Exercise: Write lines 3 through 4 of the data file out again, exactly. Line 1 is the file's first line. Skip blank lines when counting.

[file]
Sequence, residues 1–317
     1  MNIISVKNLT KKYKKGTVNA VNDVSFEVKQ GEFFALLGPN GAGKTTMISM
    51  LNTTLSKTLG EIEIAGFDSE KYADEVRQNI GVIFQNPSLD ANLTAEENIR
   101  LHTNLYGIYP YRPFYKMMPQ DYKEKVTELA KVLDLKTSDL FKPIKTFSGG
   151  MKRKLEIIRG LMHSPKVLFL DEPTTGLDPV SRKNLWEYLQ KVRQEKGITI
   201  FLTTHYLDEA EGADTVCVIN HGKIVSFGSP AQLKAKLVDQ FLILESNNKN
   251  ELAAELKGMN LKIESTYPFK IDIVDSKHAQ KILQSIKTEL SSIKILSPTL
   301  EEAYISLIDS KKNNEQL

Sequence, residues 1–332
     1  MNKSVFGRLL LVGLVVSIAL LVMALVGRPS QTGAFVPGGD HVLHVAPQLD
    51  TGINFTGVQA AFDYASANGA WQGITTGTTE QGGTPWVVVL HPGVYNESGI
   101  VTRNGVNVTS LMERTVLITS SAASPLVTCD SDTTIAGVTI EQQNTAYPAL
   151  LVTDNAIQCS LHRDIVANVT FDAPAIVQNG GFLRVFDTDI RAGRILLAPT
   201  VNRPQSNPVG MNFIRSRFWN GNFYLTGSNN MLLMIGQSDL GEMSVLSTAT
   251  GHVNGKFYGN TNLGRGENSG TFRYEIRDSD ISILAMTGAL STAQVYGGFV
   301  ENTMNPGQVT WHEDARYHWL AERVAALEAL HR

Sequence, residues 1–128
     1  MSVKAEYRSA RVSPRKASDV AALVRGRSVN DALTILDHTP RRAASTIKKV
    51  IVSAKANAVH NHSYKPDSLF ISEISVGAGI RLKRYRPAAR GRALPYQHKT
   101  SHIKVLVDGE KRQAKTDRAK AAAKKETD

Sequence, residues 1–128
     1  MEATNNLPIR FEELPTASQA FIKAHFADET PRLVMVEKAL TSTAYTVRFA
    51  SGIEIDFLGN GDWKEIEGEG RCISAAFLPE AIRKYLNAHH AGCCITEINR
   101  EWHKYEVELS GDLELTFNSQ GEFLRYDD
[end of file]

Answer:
    51  LNTTLSKTLG EIEIAGFDSE KYADEVRQNI GVIFQNPSLD ANLTAEENIR
   101  LHTNLYGIYP YRPFYKMMPQ DYKEKVTELA KVLDLKTSDL FKPIKTFSGG